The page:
Wallingford-Swarthmore School Board:
Board Tucks into Breakfasts, Lunches,
and Just Desserts

By Katie Crawford

“Graduating” members of the Wallingford-Swarthmore School Board who received plaques recognizing their service include (left to right): Dr. Allison Karpyn of Wallingford, Sally Morbeck of Rutledge, Vippy Yee of Rose Valley, and Jerry Ballas of Swarthmore.

The November 27 meeting of the Wallingford-Swarthmore School Board was a time to say goodbye to four board members: Dr. Allison Karpyn, Sally Morbeck, Vippy Yee, and Jerry Ballas. Superintendent Dr. Lisa Palmer presented plaques in recognition of their “outstanding service to the WSSD community.” Board president Dr. Robert Sonntag thanked the departing board members for their work, noting that they were, “all here for the same goal,” and charged with finding ways to meet those goals. Board member Paul Schregel noted that it had been, “a very productive year — a credit to you folks.”

Three additional board members, vice president Marylin Huff, Sally Morbeck, and Dr. Robert Reiger were recognized by the Pennsylvania School Board Association for having achieved Honor Roll status by reaching an eight year milestone of service on the board. (Fun fact: Founded in 1895, Pennsylvania’s was the first school board association established in the United States.) Innovations in Food Service Clare DiSabatino, director of Aramark Educational Services, was on hand to present the Food Service update to …

ZHB OKs B & B, But Not above the Garage

Swarthmore’s Zoning Hearing Board delivered a mixed decision to Riverview Road homeowner Aurora Winslade on Tuesday evening, November 28.

At a September 26 hearing before the board, Winslade had made her case for continuing and/or expanding use of her property at 207 Riverview for rental to lodgers or guests. She sought a ruling that an apartment above her garage be permitted to accommodate up to two boarders or lodgers, either by rights, as a nonconforming use, or through other zoning relief. She also sought a zoning exception to allow establishment of a bed & breakfast in the house, and extension of the exception to include the garage apartment.

The Board returned a split decision on the B & B, approving the use of the main home as a bed and breakfast under a special exception to sections 1264.15 and 1264.17 of the Swarthmore Zoning Code, but denying the use of the garage apartment as part of the B & B facility.

However, the Board declined to render a decision on permitting continued use of the apartment as lodgings for up to two persons, either under Section 1240.04 (43)(b) or as a nonconforming use. Tom Kelly, Esq., solicitor for the ZHB, later explained that owners will usually ask the municipal zoning officer about intended uses of a property, and their permissibility. In this case, Kelly said, “Applicant said she was not told the use would be in violation,” nor has she received a citation for a zoning violation, nor a cease and desist order. Absent those notices of violation, Tom Kelly said, “There is no justiciable issue to be decided” by the board. “And there was no way the board was going to give an advisory opinion.”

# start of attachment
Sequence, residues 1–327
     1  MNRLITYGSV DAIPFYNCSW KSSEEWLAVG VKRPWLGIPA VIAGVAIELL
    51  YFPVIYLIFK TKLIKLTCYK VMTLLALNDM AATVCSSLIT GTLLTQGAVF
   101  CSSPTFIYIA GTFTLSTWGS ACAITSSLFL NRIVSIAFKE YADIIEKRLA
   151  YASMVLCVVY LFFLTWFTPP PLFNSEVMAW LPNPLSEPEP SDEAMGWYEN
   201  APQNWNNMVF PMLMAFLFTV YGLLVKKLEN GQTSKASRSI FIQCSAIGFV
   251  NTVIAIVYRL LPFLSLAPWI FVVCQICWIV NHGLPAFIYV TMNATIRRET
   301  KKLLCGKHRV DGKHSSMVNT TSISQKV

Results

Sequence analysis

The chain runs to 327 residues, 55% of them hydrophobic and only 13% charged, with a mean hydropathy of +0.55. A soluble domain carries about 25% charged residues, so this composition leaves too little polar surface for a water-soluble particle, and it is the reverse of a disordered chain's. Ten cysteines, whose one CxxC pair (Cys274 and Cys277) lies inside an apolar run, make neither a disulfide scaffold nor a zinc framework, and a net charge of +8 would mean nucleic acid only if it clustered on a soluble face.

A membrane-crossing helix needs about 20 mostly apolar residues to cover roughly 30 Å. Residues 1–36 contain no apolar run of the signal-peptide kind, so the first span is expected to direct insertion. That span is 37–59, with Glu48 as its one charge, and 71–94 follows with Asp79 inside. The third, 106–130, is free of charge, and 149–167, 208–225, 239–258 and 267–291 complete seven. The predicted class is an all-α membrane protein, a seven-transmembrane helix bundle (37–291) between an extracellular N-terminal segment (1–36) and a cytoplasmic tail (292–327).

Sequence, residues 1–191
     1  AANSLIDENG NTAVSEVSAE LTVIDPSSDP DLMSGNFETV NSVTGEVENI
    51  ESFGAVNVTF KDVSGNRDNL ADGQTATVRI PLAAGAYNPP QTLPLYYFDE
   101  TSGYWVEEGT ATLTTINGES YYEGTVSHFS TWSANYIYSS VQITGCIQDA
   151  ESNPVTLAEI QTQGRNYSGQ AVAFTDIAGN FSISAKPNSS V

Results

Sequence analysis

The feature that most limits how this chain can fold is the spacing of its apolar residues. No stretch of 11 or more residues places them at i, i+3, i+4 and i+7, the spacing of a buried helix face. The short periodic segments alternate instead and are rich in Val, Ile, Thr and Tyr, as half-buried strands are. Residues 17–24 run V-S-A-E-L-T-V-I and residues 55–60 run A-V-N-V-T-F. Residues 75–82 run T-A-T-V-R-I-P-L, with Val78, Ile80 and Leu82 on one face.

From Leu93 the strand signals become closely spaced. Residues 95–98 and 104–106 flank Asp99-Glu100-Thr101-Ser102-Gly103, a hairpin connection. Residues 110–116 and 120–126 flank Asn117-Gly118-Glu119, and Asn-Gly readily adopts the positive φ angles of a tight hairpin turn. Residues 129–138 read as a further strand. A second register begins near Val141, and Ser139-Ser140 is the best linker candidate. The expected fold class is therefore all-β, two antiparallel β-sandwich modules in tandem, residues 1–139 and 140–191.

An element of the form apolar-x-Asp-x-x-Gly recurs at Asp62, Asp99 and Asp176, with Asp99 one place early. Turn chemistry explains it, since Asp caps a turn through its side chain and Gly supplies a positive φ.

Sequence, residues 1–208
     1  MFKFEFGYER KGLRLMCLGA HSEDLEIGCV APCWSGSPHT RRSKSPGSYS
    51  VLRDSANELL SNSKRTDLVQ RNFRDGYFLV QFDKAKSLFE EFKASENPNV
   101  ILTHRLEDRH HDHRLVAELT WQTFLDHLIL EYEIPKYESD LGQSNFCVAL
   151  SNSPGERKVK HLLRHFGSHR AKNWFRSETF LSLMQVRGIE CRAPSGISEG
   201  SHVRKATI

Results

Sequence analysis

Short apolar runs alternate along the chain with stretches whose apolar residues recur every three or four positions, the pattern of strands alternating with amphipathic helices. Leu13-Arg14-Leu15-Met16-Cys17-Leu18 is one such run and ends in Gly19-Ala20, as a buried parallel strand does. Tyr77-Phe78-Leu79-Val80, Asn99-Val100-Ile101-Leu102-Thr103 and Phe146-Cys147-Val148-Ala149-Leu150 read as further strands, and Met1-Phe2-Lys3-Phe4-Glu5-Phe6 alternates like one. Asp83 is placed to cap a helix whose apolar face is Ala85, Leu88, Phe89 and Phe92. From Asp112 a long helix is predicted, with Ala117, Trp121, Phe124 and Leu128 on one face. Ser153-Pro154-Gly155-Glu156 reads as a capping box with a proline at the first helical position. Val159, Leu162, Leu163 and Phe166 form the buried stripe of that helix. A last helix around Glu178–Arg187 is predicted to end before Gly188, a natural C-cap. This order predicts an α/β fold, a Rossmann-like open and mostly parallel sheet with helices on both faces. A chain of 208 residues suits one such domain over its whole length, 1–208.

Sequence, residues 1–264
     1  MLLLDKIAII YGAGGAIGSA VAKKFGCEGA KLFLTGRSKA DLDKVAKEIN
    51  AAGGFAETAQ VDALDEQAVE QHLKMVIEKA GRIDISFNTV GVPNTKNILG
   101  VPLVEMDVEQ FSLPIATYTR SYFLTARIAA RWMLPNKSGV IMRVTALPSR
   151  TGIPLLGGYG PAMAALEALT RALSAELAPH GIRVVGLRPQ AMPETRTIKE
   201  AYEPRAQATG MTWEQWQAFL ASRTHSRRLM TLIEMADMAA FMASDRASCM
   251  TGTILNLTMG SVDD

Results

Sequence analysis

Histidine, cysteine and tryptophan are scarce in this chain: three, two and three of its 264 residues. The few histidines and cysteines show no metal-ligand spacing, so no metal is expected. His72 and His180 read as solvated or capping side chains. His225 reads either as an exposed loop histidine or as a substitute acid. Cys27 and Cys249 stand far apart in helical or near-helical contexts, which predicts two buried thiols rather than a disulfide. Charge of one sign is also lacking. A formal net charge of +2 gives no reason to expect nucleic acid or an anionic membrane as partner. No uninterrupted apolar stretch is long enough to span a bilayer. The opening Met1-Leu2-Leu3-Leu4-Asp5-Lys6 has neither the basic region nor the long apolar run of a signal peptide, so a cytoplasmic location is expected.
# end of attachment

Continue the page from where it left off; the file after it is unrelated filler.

Unless and until Swarthmore zoning officer Jane Billings notifies her otherwise, Kelly said, Winslade can continue to rent the garage for short or longer term. Billings did not comment on plans for such action, or on the decisions.

Property owner Winslade commented by email: “I care deeply about the Swarthmore community, I am committed to being a good neighbor, and I welcome dialogue with anyone interested.”


SPC Opens
Alternative Christmas Shop


The Alternative Christmas Shop at Swarthmore Presbyterian Church will be open Sunday, December 3, 10 and 17, from 11:15 a.m. to 12:15 p.m. in Fellowship Hall at Swarthmore Presbyterian Church, 727 Harvard Avenue.

In the season of getting and giving, it can be difficult to keep the focus on true generosity. The spirit of charity is at the heart of the Alternative Christmas Shop, which is open for the holiday season at Swarthmore Presbyterian Church on Sundays through December 17.

The whole Swarthmore community is invited to browse at the shop, where givers can choose gifts especially selected to help 23 nonprofit organizations and missions near and far, as they make contributions in the name of friends and family members.

The shop, now in its 12th year, will be open December 3, 10, and 17 from 11:15 a.m. to 12:15 p.m. in Fellowship Hall at the church, 727 Harvard Avenue. Shopping is relaxed, with cookies, coffee and holiday music creating a festive atmosphere. In person and online, shoppers can support charitable …

Living the Liberal Arts; Celebrating Eugene Lang

On Friday, December 1, Swarthmore College opens its heart to the liberal arts and celebrates their great exponent, the late Eugene Lang of Swarthmore’s class of 1938.